Trading beach towels for beakers and video games for Petri dishes might not sound like the ideal way to spend summer to the average student. But for a small group of Oklahoma science students, it represents a once-in-a-lifetime opportunity.
The Oklahoma Medical Research Foundation has selected 12 high school and college students for its 61st class of Sir Alexander Fleming Scholars. They will spend eight weeks this summer working in labs on projects ranging from cardiovascular disease to immunology.
The students, chosen from a statewide pool of applicants, will spend the summer at OMRF working side-by-side with senior medical researchers. Each will conduct an in-depth, individual research project during their time at the nonprofit biomedical research facility. At the end of the summer, the students will write scientific papers and present their research results in formal seminars for OMRF’s scientific staff.
“A lot of students coming out of high school or even in college don’t have real-life experience in a laboratory setting, so this gives them the opportunity to see if this is something they really want to do with their lives,” said program coordinator Carlisa Curry. “In addition to allowing them to take a deeper dive into research than they’ve been able to previously, it also gives them invaluable skills they will need in order to work in a lab.”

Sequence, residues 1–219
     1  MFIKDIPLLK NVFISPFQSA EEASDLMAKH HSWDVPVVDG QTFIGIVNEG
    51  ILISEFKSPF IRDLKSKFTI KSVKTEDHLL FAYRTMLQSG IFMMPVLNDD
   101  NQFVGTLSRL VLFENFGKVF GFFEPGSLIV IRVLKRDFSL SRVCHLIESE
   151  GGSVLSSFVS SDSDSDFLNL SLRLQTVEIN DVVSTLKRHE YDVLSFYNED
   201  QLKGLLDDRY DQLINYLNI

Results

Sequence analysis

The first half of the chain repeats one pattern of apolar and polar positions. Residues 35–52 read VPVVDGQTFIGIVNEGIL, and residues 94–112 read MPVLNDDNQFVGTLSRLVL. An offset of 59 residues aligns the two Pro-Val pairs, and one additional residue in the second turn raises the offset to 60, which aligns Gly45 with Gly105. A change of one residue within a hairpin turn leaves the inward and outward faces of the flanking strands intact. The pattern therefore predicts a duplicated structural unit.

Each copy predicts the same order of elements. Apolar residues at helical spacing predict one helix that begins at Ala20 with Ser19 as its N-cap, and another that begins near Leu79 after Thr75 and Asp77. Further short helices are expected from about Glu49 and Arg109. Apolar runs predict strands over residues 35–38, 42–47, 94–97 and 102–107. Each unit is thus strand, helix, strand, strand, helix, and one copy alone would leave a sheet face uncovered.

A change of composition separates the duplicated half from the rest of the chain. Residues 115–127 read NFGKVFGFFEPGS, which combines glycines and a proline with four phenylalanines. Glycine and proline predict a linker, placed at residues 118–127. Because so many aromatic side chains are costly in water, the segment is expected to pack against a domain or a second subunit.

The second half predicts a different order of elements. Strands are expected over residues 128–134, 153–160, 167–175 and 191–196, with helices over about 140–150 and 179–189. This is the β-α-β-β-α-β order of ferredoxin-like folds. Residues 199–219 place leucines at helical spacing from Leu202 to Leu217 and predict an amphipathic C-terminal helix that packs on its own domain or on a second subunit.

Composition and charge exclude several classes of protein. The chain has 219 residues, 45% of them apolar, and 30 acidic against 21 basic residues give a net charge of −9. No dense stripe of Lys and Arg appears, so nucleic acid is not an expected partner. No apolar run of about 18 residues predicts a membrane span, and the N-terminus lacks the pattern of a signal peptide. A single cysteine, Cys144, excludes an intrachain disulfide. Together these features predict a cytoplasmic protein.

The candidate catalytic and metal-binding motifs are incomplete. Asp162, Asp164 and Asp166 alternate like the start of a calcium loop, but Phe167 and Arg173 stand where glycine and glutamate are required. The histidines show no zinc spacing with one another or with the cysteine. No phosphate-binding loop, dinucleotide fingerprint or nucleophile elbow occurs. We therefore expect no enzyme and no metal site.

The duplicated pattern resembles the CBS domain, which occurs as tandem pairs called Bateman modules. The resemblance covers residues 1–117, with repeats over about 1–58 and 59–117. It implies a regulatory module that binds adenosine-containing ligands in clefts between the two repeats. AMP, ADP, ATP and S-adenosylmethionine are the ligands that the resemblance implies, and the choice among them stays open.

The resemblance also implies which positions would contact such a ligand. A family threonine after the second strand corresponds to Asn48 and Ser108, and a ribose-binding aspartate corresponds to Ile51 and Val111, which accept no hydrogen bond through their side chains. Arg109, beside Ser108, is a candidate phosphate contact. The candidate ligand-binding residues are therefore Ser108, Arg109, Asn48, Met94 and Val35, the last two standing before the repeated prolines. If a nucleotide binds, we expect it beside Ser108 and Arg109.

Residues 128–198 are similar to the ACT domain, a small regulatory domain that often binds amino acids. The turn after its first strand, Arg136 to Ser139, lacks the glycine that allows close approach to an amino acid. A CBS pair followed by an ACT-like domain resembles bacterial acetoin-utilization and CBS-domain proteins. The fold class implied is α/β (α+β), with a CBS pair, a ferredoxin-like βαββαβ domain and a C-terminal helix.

More than 500 Oklahoma students have gotten their first glimpse of laboratory research under the tutelage of OMRF researchers since the program began in 1956.
“OMRF is a place for learning and growing,” said Curry. “Our scientists really enjoy and benefit from mentoring and showing the younger generation what real science and research are about. Having these young, curious students here reminds scientists of that same time in their own research careers.”
Many Fleming Scholars have since gone on to successful careers in medicine and research. Among them are two of the foundation’s own senior scientists. Judith James, M.D., Ph.D., and Rodger McEver, M.D., who started their research careers as Fleming Scholars.
“This experience trains students to think in new ways, and it is intense by any standard,” said OMRF President Stephen Prescott, M.D. “They work hard to get here, they work hard when they’re here, and it can prove to be a career game-changer. It says a lot about people this age who choose to give up an entire summer to work in a lab, but the payback is incredible.”
The 2016 Fleming Scholars are:
Nicole Biddinger, Bartlesville, Purdue University
Zane Dennis, Tulsa, Baylor University
Michael Harmon, Enid, Chisholm High School
Uday Kohli, Edmond, University of Oklahoma
Joey Maher, Yukon, Harding Charter Preparatory High School
Evan McKinnis, Oklahoma City, Classen School of Advanced Studies
Lindsey Purcell, Oklahoma City, Oklahoma State University
Annelise Poss, Tulsa, Oklahoma State University
Caroline Say, Oklahoma City, University of Wisconsin-Madison
Dat Truong, Oklahoma City, University of Oklahoma
Emily Wilkie, Oklahoma City, Classen School of Advanced Studies
Ariel Thorson, Oklahoma City, Bethany High School
For more information on the Fleming Scholar Program, visit www.omrf.org/fleming.